Understanding Weather – not predicting – 19 October 2012
For some months Namibia has been on the borders of or alongside a wide range of weather events of which only the fringes have penetrated our interior. Being within the range of the sub-Tropical High Pressure Belt, this type of “settled weather” is to be expected, but with changing weather patterns (perhaps shifting patterns might be the more accurate description) the persistence of this weather pattern seems out of context.
Variously, around the world, departure from the norm has been recurrent, bringing extreme ranges to the weather map, not just once but quite repetitively; yet we have remained more or less static.
The explanation taken from the weather charts also lacks clarity. We have diverse sources of influence for instance the levels aloft are out of cohesion with the norm.
Yet, in some ways they do match our “time of year”. October, at least, and into November is the time base for the build-up of heat necessary for the low pressure area that develops over the interior due to heat. Into this low pressure area, moisture is advected to support the convective process.
This week has seen a persistent anticyclone hold sway in the middle levels and across the regular 20 to 30oS latitudes over the Atlantic. The departures from this scene include quite frequent vortex patterns developing adjacent to these middle levels (but to our south) above the ocean and into the adjacent sub-continent. Unusual stormy weather for the time of year is the regular response.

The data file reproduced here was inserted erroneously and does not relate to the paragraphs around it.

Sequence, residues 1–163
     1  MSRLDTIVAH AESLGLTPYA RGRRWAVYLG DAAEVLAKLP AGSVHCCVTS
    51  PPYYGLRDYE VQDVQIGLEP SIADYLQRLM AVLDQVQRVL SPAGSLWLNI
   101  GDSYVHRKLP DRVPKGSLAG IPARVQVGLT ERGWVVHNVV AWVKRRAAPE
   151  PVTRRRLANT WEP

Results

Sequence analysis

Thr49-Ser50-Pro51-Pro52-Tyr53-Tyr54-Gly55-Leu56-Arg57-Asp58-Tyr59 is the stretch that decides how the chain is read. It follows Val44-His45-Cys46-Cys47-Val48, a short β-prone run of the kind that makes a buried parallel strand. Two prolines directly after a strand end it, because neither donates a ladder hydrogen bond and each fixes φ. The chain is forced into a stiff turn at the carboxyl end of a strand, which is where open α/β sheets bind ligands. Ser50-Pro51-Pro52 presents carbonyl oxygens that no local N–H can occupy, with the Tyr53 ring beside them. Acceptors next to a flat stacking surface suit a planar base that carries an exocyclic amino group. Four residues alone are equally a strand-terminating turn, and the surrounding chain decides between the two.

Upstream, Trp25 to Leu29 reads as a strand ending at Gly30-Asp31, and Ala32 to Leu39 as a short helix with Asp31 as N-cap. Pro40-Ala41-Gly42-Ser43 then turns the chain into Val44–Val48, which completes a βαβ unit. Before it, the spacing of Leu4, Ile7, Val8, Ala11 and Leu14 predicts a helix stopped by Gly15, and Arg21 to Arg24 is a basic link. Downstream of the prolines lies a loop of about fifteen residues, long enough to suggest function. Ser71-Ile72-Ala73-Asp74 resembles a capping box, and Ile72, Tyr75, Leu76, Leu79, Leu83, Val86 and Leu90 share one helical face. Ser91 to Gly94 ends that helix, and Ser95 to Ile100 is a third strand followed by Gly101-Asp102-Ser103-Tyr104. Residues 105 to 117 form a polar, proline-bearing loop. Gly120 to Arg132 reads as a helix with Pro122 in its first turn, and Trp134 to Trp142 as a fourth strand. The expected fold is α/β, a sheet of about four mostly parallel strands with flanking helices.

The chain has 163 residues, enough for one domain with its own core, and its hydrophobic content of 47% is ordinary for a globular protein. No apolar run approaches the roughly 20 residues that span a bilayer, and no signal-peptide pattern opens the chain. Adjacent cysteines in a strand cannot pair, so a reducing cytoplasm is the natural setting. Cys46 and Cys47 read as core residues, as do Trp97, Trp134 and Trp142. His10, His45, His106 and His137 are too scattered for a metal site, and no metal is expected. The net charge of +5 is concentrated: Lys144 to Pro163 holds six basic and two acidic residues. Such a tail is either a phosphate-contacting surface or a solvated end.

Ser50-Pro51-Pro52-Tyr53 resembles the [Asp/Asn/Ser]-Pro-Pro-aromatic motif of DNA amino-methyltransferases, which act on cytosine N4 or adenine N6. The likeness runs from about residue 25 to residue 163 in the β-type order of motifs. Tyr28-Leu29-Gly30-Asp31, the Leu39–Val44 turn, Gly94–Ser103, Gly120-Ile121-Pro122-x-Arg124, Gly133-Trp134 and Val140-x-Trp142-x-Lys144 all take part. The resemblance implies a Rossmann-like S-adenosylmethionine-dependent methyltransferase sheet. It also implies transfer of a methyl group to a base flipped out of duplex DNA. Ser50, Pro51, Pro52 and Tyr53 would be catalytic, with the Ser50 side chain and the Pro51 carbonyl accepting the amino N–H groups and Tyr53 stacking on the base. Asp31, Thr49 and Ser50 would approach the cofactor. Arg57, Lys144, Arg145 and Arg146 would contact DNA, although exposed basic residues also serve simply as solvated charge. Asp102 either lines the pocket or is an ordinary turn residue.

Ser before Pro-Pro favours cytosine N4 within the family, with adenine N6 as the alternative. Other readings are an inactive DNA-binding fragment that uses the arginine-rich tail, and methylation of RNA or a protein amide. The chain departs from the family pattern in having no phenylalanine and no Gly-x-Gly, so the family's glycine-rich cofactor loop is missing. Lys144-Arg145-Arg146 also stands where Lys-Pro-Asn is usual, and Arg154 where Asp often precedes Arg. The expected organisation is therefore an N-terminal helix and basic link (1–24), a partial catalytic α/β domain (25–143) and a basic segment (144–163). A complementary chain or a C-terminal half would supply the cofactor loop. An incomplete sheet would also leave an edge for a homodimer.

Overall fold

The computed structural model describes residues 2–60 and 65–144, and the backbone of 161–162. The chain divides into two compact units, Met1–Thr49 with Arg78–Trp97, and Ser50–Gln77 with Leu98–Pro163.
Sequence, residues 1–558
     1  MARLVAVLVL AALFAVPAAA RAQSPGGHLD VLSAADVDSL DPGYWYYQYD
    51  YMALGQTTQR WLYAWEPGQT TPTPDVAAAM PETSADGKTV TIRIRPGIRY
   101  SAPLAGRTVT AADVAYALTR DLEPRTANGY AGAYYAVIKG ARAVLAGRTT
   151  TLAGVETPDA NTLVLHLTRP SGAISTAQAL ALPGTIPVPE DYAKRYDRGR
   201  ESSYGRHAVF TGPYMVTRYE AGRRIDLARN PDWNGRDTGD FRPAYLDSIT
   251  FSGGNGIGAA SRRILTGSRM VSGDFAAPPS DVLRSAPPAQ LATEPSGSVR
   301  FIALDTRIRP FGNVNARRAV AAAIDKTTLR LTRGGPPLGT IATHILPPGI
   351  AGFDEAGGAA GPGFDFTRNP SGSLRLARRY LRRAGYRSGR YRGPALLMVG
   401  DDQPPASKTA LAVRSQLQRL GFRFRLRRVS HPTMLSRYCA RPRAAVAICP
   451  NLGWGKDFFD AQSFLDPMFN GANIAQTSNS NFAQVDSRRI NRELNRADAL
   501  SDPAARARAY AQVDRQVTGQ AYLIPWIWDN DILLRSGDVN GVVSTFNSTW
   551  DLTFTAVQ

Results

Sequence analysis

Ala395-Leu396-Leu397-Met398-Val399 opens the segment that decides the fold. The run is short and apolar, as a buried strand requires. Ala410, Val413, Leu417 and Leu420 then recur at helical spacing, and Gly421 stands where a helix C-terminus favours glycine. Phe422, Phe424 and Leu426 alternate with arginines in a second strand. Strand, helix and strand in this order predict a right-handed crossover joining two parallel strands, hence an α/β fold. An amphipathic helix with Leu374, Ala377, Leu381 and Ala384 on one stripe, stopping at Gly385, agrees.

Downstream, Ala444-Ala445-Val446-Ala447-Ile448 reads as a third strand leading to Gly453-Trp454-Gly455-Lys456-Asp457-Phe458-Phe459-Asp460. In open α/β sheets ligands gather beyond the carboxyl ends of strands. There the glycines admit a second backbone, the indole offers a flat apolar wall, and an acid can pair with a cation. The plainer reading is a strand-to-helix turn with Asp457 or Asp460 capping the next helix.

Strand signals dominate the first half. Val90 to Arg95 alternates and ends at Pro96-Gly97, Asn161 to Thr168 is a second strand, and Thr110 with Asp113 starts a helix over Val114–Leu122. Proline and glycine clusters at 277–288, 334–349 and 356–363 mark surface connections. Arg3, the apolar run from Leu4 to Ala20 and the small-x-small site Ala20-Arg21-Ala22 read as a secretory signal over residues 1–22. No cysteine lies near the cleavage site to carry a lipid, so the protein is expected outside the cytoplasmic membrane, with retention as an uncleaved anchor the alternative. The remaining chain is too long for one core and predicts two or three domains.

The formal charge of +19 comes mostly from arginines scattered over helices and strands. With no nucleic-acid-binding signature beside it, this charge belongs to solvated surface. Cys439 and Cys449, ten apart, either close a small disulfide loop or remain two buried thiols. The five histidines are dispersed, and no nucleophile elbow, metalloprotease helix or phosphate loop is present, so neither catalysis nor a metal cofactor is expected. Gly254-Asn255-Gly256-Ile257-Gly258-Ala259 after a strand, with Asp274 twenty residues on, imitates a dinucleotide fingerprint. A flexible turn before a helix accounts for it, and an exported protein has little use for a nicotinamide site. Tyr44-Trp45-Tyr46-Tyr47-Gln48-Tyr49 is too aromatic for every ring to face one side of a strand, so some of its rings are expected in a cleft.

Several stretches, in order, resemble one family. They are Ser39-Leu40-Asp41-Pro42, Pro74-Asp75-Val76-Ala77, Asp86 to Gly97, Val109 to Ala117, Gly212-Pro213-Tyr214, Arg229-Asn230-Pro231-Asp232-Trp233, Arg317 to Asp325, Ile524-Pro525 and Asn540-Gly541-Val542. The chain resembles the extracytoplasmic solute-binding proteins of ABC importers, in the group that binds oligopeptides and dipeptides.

Congo moisture has spread into Angola and western Zambia so forming a source for a southerly advance and outflow, but to our east. The Kavango region has experienced a shower or two. But the cohesion of airflows at the various levels remains disparate, hence seemingly favourable patterns cannot keep their cohesion and they fail to develop into a more active weather pattern.
One may see this as a reflection of the equatorial Pacific scene. The surface elements of La Nina have long faded. In its place, a developing El Nino pattern has stumbled with conflicting detail both positive and negative. The so-called Southern Oscillation, i.e. the difference in barometric pressure between Darwin and Tahiti, is still marginally positive, but weak.
From this situation, we found the immediate expectations for the past week equally displaced.
Temperatures in the northern half of the country remained in the low thirties with some advection of moisture across the Okavango and the Caprivi but showers were far apart and of very low intensity.
In the southern half, morning have been typically cool with a prominent south-westerly airflow, backing to north-east during the day and then reverting to south-west when the sun sets.
Apart from the Okavango, the dry, hot prospect for much of the country remains unbroken.
A middle level trough departs the western Cape by Monday, a cooler northward spread fades quickly, heat returns to the southern daytime hours. The moist air presence to central Angola persists and is tapped to flow south, east of the heat low across central Botswana. With the overall upper-air presence remaining in place, this prevents a westward drift by the heat-cored low pressure area: scant change is to be expected throughout. Fine hot weather is expected by all the forecasts.